|National Academy of Sciences, Engineering and Medicine, 2013 ; United States||Multiple disciplines||Conference proceedings||To describe colloquiums that brought together leading social, behavioral, and decision scientists to familiarize one another, other scientists, and communication practitioners with current research that can improve the communication of science to lay audiences||Deliberative SC (type 4)|
|National Academy of Sciences, Engineering and Medicine, 2016 ; United States||Multiple disciplines||Conference proceedings||To summarize the workshop’s presentations and discussions, and it recounts what workshop participants identified as key lessons, practical strategies, and the needs and opportunities for applying the principles of health literacy to the precision medicine||Deliberative SC (type 4)|
|National Academy of Sciences, Engineering and Medicine, 2017 ; United States||Multiple disciplines||Report||To offer a research agenda for science communicators and researchers seeking to apply this research and fill gaps in knowledge about how to communicate effectively about science, with a particular focus on issues that are contentious in the public sphere||Deliberative SC (type 4)|
|Rowe, 2017 ; United States||Nutrition||Discussion paper||To offer some insight into the effect that rapidly evolving social and other digital media may have on the various perceptual influences on SC in the field of nutrition||Deficit SC (type 2)|
|Russell, 2016 ; Canada||Kinesiology and pediatrics||Quality improvement project paper||To describe the development and evaluation of a Web-based research advisory community, hosted on Facebook and connecting a diverse group of parents of special needs children with researchers at CanChild Centre for Childhood Disability Research||Deliberative SC (type 4)|
|Santesso, 2015 ; Canada||Nutrition||Primary research article||To compare a new format of a patient summary of evidence from a systematic review with the current narrative format and evaluate if it improves understanding, accessibility of the information, and whether it is preferred over other versions by patients and the public||Deficit SC (type 2)|
|Snow, 2016 ; United States||Psychology and education||Report||To consider how the definition of science literacy has expanded and shifted over time to accommodate changing ideas about science||Consultative SC (type 3)|
|Tunnecliff, 2015 ; Australia||Physiotherapy||Primary research article||To explore health scientists’ and clinicians’ current use of social media and their beliefs and attitudes toward the use of social media for communicating research evidence||Consultative SC (type 3)|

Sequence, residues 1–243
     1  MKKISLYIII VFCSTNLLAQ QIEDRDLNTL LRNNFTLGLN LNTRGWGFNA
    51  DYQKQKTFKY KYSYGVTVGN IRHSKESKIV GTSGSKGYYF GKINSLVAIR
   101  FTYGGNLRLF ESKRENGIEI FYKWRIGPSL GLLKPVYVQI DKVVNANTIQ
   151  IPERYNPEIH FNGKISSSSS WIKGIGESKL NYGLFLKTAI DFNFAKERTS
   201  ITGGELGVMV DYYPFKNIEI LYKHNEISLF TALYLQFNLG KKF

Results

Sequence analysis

aSC: science communication.
cCPPR: community-partnered participatory research.
Critical Appraisal of Individual Sources of Evidence
Results of the critical appraisal of individual sources of evidence are presented in. Overall, 6 publications scored good quality (6/18, 33%), 9 scored moderate quality (9/18, 50%), and 3 scored low quality (3/18, 16%). Regarding the quality of empirical studies, 1 criterion in particular was unclear: if the sample size used was adequate to reach the study goal. Regarding the quality of other types of publications, 2 criteria were often unclear or not properly reported. First, there was often no reference during the discussion to the extant literature in the field of SC to contrast or support the author’s opinion. Second, incongruences with the cited sources were often not logically defended by the author, undermining the credibility of the opinion.
Results of Individual Sources of Evidence
We identified 9 types of SC strategies used by health scientists with the public in the digital and social media ecosystem: content, credibility, engagement, intention, linguistics, planification, presentation, social exchange, and statistics. Definitions and examples of each type of SC strategy are presented in. Results suggest health scientists use a wide variety of SC strategies, with different purposes. Some strategies are related to the content and credibility of the message, some are related to linguistics and statistics to improve the public’s understanding of science, whereas others aim to increase engagement and social exchange related to science in the social and digital media ecosystem.
|First author or institution, year||Empirical studies and literature reviews||Other types of publications||Overall quality|
|Coherence between problem, purpose, methods, and results?||Research process meets scientificity criteria?||Sample adequate to reach goal?||Data collection and analysis rigorous?||Source of the opinion clearly identified?||Source of the opinion has standing in the field of expertise?||Interests of the relevant population the central focus?||Stated position the result of an analytical process?||Reference to the extant literature?||Any incongruence with the sources logically defended?|
|Archibald, 2014 ||—a||—||—||—||Yes||Unclear||Yes||Yes||Yes||Unclear||Good|
|Barnfield, 2017 ||Yes||Yes||Unclear||Unclear||—||—||—||—||—||—||Moderate|
|Bin, 2012b ||Yes||Yes||Unclear||Yes||—||—||—||—||—||—||Moderate|
|Bodison, 2015 ||—||—||—||—||Yes||Unclear||Yes||Yes||Unclear||Unclear||Moderate|